Stage 8: San Antonio, TX - Kingston, NM

Okay, here we go. This drive will be the biggest and longest of our trip: nearly 700 miles all the way across Texas, along the Mexican border, through El Paso and into Southern New Mexico. As few stops as possible, no family to see, no friends to visit, just an entire state to cross and one day to do it in. We were treated to a good breakfast by our hosts at the O’Casey B&B, and hit the road a little before 10 am. Back to US-10, and across the entire width of Texas. I was expecting an incredibly boring drive with lots of flat, barren desert land with nothing really to look at, but I was pleasantly surprised by all the variety and beauty of central and western Texas. There was some arid and flat desert land, but the majority of the drive was filled with big skies,

rolling country,

dynamite cuts through the hillsides,

oil derricks,

and dust devils!

Oh, and I don't know if you knew about this, but in Texas they have one rule that goes above and beyond all others. It is the long history of this one golden rule that allows the state flag of Texas to fly as high as the stars and stripes, the capital dome in Austin to be as tall as its national counterpart in Washington DC, and the sovereign state of Texas to secede from the Union at any time it sees fit.

You just Don't Mess With Texas, plain and simple. Look what happened to Saddam Hussein. He only messed with Texas indirectly, and now he got executed! Seriously. DO NOT mess with Texas.

Once we hit the town of Esperanza, our route paralleled the Rio Grande and put us within sight of Mexico. Oddly, I didn’t see much of the crazy “border war” that we’ve heard so much about in the news. The Rio Grande valley looked pretty peaceful from our well-removed, comfortable seat in a car barreling down the highway, but we did get a couple of looks at the south-of-the-border town of Ciudad Jaurez, just across from El Paso.

After our brief borderland experience, we turned north into New Mexico.

It was here, cruising north on I-25, that we had our encounter with the United States Border Patrol. Our two lanes of fast and smooth highway were narrowed to one by a line of cones, and a sequence of signs on the shoulder told us that all cars must exit to the inspection station. We don’t have any photos of this episode in the journey because I was afraid the border patrol officers might accuse us of conspiracy to commit acts of terrorism or something of the kind, so I quickly stashed the camera and began hunting for all the important documents that cops usually ask for at roadblocks: driver’s license, proof of insurance, vehicle registration; and even some that only the border patrol might care about: passport, birth certificate, marriage license, etc. We rolled up to the stop, hoping that the officer wouldn’t see any reason to search our car filled to the brim with everything we’d need for a 2-week trip across the country and the start of our life in Portland. India rolled down the driver’s side window as we pulled up to the inspection point and greeted the young man in a border patrol uniform who walked up to our car. He only had one question: “American citizens?”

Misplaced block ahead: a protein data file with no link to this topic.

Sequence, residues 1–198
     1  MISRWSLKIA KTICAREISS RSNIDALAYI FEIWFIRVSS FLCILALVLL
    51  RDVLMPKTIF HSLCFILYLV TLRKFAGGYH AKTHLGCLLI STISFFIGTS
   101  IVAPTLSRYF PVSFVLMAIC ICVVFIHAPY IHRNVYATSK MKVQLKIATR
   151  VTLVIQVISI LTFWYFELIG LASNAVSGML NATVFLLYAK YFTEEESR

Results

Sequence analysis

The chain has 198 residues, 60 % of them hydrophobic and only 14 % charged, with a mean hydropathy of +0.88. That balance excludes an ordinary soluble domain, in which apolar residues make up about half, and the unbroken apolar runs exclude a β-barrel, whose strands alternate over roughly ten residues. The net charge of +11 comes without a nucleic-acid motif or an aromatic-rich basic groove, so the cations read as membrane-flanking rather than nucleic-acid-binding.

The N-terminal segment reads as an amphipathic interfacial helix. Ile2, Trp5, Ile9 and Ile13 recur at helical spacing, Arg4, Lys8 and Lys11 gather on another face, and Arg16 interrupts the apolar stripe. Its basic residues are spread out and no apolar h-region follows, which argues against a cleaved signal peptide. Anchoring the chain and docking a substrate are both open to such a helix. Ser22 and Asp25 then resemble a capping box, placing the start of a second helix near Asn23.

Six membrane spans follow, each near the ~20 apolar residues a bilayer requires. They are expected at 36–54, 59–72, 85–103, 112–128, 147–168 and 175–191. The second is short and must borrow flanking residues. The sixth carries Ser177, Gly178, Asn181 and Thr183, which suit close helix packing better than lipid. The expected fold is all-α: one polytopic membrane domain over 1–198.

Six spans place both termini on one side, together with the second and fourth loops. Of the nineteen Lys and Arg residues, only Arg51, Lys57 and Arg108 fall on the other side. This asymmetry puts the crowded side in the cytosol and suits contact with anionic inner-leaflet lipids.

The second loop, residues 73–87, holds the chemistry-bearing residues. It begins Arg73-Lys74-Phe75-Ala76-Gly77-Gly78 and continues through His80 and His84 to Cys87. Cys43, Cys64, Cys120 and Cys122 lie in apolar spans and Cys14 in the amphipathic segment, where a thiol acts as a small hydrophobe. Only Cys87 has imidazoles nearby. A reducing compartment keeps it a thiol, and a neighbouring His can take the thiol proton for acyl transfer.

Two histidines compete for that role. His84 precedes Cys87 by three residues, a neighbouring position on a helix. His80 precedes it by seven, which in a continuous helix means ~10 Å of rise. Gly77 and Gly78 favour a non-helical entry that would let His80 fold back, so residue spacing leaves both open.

“umm, yeah,” India replied.

“Move along.”

“Oh… thanks…”

And we were on our way. That was it. The whole time we were in the borderlands I kept looking for signs of this wall being built between the US and Mexico, but didn’t see a thing. I imagine we just weren’t close enough.

Once we were in New Mexico, we were ready for a good night’s sleep but were still a little hungry, even after a late lunch. We tried to stop for dinner in a little farm town near where we would camp the night, but the only restaurant in town was closed when we arrived at about 7:30. We headed up the road peeved and tired, but still on the lookout for dinner spots. No food options showed themselves, but we did enjoy a beautiful sunset over the plains of New Mexico as we drove the winding roads toward our campsite, just outside of the tiny town of Kingston in the Gila National Forest.

We found our little hole in the woods, pitched our tent in the dark, had a light dinner of Clif bars and Lone Stars while we watched the stars come out, and turned in for the night.

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